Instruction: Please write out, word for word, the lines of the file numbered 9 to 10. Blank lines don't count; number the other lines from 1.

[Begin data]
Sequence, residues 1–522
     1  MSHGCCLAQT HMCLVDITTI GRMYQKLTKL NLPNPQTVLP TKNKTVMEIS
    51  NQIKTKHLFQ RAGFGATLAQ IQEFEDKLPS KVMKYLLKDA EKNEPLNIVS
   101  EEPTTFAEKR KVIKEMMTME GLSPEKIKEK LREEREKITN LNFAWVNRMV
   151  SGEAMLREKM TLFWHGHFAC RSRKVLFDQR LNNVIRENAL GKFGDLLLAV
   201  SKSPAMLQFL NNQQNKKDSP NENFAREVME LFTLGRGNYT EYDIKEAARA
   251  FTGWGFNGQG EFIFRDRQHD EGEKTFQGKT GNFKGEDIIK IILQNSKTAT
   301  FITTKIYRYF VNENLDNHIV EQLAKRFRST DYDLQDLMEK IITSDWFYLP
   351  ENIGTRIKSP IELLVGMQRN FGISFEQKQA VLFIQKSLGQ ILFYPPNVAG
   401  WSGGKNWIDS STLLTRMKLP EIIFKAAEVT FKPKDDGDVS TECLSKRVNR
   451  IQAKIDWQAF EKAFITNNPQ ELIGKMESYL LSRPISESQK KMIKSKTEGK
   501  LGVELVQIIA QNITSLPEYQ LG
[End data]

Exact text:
   351  ENIGTRIKSP IELLVGMQRN FGISFEQKQA VLFIQKSLGQ ILFYPPNVAG
   401  WSGGKNWIDS STLLTRMKLP EIIFKAAEVT FKPKDDGDVS TECLSKRVNR